2015 International Writer of Courage, Scotland’s favorite literary quote, and more

October 9, 2015
by WLT
Raif Badawi.
Demonstration for Raif Badawi outside the Embassy of Saudi-Arabia, Helsinki, Finland. Raif Badawi was named the 2015 International Writer of Courage this week. Photo by Amnesty International/Flickr.

News, Reviews, and Interviews

Bestselling Swedish author Henning Mankell passed away this week at the age of 67. Mankell was one of the main figures of Scandinavian noir, and he was often discussed in J. Madison Davis’s International Crime and Mystery columns in WLT. 

The first U.S. book translation of Uruguayan poet Circe Maia has been published. Jesse Lee Kercheval translated the book, and you can read more of Kercheval’s translations of Maia’s poetry in the January 2015 issue of WLT.

Raif Badawi, a jailed blogger from Saudi Arabia, was named the 2015 International Writer of Courage this week. British poet James Fenton also selected Badawi to be his co-recipient for the PEN Pinter Prize. 

Via the Los Angeles Times, Carolyn Kellogg muses on likely candidates for the 2015 Nobel Prize in Literature. One of the suggested possibilities is Somali poet and Neustadt prizewinner Nuruddin Farah.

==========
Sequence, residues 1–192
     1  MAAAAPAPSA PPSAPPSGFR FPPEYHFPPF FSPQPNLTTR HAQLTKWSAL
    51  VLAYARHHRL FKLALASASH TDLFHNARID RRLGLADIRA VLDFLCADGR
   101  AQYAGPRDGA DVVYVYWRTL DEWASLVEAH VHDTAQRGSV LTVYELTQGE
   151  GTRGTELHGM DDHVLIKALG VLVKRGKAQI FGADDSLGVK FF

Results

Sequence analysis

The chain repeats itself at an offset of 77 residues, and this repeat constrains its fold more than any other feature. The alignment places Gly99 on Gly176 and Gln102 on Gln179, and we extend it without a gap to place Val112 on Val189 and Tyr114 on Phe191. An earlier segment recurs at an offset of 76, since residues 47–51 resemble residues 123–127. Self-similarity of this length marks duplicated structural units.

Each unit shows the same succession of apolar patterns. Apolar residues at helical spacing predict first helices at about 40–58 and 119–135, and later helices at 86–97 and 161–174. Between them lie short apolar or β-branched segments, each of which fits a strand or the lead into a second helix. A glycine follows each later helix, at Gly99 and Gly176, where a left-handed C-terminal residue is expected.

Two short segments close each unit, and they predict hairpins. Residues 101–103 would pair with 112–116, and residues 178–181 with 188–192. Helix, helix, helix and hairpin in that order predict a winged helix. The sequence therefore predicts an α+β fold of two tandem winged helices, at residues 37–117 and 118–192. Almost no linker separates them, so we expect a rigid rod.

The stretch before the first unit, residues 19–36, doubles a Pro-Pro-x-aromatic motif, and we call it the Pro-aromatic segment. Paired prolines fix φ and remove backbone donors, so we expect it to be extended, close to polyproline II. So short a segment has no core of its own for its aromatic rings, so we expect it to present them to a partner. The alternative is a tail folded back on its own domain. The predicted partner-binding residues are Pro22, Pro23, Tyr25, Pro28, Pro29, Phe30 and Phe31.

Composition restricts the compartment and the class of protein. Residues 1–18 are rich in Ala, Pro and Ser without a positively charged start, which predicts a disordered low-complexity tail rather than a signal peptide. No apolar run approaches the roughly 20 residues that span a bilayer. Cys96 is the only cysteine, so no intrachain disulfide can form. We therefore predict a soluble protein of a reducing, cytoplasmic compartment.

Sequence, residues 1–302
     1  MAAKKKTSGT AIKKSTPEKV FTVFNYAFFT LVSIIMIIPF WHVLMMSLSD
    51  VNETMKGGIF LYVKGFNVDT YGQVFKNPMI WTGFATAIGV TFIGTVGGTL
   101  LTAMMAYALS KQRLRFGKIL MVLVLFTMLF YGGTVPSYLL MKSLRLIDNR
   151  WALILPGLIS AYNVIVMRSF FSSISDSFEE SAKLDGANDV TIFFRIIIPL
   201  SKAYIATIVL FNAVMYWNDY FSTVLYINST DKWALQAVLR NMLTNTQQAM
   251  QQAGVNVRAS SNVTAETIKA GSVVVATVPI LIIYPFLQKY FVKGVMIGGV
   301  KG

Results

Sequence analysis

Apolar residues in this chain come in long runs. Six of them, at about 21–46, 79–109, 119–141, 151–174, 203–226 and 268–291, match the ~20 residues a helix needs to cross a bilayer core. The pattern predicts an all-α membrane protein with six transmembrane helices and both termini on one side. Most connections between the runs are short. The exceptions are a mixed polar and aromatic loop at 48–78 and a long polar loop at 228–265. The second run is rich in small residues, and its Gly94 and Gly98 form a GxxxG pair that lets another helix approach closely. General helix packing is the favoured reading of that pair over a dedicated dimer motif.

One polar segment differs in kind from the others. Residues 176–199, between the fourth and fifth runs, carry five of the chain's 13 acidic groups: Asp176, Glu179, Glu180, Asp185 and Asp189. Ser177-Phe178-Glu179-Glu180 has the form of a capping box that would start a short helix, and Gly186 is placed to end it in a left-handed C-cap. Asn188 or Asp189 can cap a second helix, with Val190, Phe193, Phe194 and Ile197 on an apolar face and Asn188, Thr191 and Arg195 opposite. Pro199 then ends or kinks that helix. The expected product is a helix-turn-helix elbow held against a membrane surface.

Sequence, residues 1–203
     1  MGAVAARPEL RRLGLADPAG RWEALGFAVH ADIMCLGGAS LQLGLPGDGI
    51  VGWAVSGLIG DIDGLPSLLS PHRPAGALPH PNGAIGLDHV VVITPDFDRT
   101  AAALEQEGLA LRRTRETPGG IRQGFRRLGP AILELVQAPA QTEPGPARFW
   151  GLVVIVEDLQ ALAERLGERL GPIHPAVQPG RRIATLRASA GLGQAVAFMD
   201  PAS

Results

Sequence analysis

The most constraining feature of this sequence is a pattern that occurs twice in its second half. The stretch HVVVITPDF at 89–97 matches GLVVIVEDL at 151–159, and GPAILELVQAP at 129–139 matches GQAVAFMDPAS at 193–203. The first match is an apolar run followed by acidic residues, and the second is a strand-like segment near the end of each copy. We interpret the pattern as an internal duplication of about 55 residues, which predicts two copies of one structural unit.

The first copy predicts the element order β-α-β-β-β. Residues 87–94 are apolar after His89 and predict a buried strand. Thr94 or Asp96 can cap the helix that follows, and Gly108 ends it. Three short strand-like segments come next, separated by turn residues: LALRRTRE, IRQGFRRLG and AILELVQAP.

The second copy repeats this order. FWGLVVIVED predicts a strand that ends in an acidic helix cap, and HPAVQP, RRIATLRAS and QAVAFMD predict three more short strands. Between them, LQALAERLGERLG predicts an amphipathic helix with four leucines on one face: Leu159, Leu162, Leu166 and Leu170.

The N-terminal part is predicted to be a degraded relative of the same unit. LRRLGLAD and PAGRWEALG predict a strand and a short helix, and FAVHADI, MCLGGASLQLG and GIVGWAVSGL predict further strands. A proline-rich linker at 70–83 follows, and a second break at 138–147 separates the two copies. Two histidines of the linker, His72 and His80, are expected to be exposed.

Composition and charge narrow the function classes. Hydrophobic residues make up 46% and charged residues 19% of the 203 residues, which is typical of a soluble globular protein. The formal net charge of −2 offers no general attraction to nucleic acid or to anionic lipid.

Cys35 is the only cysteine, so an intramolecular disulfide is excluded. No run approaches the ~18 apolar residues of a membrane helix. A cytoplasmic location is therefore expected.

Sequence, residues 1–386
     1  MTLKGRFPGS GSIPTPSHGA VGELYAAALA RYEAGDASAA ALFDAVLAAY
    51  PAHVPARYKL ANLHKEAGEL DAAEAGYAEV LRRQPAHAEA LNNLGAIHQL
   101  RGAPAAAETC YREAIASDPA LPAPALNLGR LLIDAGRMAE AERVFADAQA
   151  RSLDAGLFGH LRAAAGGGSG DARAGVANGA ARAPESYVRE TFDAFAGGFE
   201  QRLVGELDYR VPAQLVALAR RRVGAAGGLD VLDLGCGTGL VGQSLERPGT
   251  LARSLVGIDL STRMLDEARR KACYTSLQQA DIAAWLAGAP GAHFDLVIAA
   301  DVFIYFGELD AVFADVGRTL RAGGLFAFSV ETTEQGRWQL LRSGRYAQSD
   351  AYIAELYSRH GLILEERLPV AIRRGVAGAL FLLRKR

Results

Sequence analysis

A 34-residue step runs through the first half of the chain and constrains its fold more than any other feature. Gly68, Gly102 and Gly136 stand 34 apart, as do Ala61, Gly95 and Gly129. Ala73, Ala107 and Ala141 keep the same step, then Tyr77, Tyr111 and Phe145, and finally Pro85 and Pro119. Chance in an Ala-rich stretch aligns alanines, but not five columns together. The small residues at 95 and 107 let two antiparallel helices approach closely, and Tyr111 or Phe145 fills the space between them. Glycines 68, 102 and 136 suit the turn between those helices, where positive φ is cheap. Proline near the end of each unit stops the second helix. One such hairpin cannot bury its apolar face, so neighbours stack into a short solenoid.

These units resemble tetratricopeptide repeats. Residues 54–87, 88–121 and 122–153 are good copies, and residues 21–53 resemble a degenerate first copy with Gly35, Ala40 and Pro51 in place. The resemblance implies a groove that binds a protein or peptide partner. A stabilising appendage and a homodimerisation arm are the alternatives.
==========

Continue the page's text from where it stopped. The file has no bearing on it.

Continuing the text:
Nigerian author Chigozie Obioma won the inaugural FT/OppenheimerFund Emerging Voices Award this week. His debut novel The Fishermen will be reviewed in the November issue of WLT. 

A quest to find Scotland’s favorite literary quote has been launched as part of Scotland’s biggest celebration of books and reading.

Belarussian journalist and prose writer Svetlana Alexievich won the Nobel Prize in Literature. She was a finalist for the Neustadt International Prize for Literature in 1994.


Fun Finds and Inspiration 

Book Riot gives its rating of the 9 best Halloween costumes based on children’s books. 

Neustadt Prize juror Porochista Khakpour shares this “shelfie” with Literary Hub to tell readers a little about her reading space and the books she has read. 

These five library posters by graphic artist Arlington Gregg were commissioned during the late 1930s to teach kids how to take good care of books.